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Police brutality caught on tape, again
The video out of Arkansas highlights, yet again, the importance of bystanders recording police — and being able to do so. Gov. Asa Hutchinson referred to the violence as a "local arrest incident."
As the week gets underway, I expect much more — including in the Biden administration emergency abortion care cases — but I didn’t want to let this Monday morning pass without drawing attention here to the law enforcement brutality seen in Arkansas over the weekend.
POLICE BRUTALITY, ARKANSAS: On Sunday, Aug. 21, law enforcement officers were recorded brutalizing a man in Mulberry, Arkansas, in Crawford County. Mulberry is about an hour south of Fayetteville, and the county runs along the Arkansas-Oklahoma border. The officers involved were later identified by Arkansas State Police as two sheriff’s deputies from Crawford County and one police officer from Mulberry, per the Arkansas Times.
After a person with the person filming the violence got out of the car they were in to say something to the officers, two of the officers look over.
“Back [or shut] the fuck up,” the officer who had kicked the man on the ground appears to have said in the video.
The officer who had been hitting the man on the ground in the head then looked up and pointed at the car. “Get in your [or the] car,” he appears to have said in the video.
The Arkansas State Police is investigating, and the officers involved are suspended (the deputies) or on administrative leave (the officer), per KATV.
The sheriff’s office stated on Facebook the the two deputies are suspended “pending the outcome of the investigation,” which the office said it requested. (The post is written in the first person, so presumably it is coming from Crawford County Sheriff Jimmy Damante.)
Republican Gov. Asa Hutchinson, meanwhile, referred to the matter as “the local arrest incident” in his first response to the brutality caught on tape. He said the video was part of the reason for the state police investigation. He also said, however, that the local prosecuting attorney had asked for that investigation.
Crawford County Prosecuting Attorney Rinda Baker is currently the head of the office, but did not run for re-election earlier this year. Kevin Holmes, a former city deputy prosecutor, won election in May and will be the next prosecutor for the county.
Bryant, who heads up the Arkansas State Police, worked with Hutchinson when the governor ran the U.S. Drug Enforcement Administration under former President George W. Bush. He worked for the DEA for 30 years before retiring in 2014. A year later, Hutchinson appointed him to run the Arkansas State Police.
We still don’t know a lot of what happened here, but what we do know is that we might never have known about it — or if and when the brutality would have stopped — had bystanders not stopped what they were doing, filmed the ongoing violence, and interjected.
Little Rock’s KATV reported that the person in the video is a 27-year-old South Carolina man who was charged on several counts, including resisting arrest and refusal to submit, and is being held in a local jail after being treated at a local hospital.
The station also reported that the state police’s review will be quite limited:
State police told KATV the investigation will be limited to the use of physical force by the deputies and police officer. Once complete, the case file will be submitted to the Crawford County prosecuting attorney and she will determine whether the use of force by the law enforcement officers was consistent with Arkansas laws.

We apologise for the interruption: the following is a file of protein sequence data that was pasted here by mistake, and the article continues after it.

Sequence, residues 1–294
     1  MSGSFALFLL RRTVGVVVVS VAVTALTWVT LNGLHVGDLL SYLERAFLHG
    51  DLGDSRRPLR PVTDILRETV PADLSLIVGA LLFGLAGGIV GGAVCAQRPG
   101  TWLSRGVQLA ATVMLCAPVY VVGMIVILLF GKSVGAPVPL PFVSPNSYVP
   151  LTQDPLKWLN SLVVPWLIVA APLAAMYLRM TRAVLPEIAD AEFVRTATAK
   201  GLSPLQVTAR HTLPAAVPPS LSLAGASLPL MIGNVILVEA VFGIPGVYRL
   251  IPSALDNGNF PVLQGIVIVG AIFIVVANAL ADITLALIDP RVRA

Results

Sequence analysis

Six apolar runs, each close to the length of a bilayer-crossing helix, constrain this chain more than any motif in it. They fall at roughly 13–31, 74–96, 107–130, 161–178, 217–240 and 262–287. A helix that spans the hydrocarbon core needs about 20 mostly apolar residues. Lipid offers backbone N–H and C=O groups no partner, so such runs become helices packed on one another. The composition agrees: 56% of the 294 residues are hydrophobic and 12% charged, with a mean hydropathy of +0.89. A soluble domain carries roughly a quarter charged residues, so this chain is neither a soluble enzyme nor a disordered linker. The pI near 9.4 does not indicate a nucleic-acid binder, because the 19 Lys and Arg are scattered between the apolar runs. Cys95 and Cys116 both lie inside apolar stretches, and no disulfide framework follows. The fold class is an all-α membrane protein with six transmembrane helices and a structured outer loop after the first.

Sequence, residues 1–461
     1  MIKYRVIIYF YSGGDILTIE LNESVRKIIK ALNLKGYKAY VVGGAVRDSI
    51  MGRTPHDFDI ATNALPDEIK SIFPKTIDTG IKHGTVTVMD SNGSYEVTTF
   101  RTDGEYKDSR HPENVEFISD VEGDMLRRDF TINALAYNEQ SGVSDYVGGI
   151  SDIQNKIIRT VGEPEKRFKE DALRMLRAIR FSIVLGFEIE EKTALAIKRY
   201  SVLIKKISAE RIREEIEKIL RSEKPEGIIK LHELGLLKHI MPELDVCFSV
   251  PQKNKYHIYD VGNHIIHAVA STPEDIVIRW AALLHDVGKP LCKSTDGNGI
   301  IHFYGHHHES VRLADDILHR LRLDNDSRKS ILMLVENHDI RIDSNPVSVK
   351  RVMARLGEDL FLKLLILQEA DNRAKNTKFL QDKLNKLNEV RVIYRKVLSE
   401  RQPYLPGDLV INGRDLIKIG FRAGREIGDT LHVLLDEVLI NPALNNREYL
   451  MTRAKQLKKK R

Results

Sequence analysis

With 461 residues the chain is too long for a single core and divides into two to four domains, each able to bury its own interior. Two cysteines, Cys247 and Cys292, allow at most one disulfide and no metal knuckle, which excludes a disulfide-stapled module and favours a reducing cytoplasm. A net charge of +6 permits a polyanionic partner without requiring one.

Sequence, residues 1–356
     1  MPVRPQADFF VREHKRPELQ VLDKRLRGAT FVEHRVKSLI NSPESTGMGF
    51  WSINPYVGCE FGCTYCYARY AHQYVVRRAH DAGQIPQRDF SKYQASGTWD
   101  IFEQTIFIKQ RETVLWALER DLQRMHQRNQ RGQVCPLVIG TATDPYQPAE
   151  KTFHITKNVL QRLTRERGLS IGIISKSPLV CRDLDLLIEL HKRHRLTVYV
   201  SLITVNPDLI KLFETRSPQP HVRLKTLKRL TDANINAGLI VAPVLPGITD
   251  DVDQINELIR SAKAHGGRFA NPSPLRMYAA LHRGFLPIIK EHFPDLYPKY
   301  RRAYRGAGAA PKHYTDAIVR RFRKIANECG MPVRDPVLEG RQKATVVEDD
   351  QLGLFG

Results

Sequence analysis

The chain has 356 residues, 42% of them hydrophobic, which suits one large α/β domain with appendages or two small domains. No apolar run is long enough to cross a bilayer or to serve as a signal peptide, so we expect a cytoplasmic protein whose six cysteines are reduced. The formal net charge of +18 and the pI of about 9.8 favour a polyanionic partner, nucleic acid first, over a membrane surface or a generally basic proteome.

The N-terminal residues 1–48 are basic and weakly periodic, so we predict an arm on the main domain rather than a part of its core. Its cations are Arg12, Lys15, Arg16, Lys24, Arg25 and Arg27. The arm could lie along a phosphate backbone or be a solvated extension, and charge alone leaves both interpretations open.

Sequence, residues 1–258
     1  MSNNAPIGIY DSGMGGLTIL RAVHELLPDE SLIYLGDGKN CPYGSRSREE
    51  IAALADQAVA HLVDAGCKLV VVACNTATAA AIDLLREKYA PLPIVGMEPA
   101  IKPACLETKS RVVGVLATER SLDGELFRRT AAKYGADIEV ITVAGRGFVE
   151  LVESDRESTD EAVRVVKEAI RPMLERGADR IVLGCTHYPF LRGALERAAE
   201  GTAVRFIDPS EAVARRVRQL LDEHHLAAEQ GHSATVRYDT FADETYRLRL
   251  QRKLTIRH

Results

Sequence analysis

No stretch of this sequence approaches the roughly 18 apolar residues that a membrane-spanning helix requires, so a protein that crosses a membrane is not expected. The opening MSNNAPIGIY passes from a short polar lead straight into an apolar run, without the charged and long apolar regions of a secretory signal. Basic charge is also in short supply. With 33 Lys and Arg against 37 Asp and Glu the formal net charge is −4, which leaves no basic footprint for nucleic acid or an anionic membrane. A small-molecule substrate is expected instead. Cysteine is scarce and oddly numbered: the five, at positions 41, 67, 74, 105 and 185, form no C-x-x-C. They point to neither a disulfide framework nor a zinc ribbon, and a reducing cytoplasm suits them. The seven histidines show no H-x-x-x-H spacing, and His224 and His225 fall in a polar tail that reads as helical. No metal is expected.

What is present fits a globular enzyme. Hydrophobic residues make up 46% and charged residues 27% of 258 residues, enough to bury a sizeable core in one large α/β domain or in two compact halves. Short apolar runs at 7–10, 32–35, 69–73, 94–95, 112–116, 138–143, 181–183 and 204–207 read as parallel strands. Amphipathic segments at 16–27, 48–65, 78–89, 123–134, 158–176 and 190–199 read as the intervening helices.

As such, unless the Arkansas State Police moves more quickly than elsewhere, it’s likely that Holmes, and not Baker, will eventually be responsible for this.
This video — not the first at all and it won’t be the last — is yet another awful reminder of how much police brutality goes on outside of the public’s eye. These officers apparently thought they were alone and seemed to have no fear about how the situation would be viewed within their departments had the “incident” not been caught on tape.
Even when they realized they were being watched and their actions were called out, their immediate response was to begin cursing and yelling orders at the bystanders.
This violence and the reaction to being filmed show why efforts to stop people from being able to record such encounters are so troubling. The most prominent recent example of those efforts is the Arizona no-filming-within-8-feet of police law due to go into effect next month.
FOLLOWING UP ON THAT, AN ABORTION-RELATED NOTE: In a May 10 interview before the May 24 election, that now-incoming Crawford County, Arkansas, prosecutor, Kevin Holmes, was asked what state or federal law or rule could be changed to increase community safety.
He first inaccurately characterized the Biden administration as having an “open border policy.” (Here’s the most recent annual U.S. Immigration and Customs Enforcement report from the Biden administration.)
Holmes then switched to abortion, telling Talk Business & Politics that “the leaked Supreme Court opinion overturning Roe v. Wade will result in abortion being a state issue which may result on the Prosecuting Attorney’s office being on the front lines of prosecuting abortions.”
Arkansas’s trigger ban is in effect, making all abortion illegal with only a narrow exception if the life of the mother is at risk and including a felony penalty of up to 10 years in prison for anyone who performs or attempts to perform an abortion.
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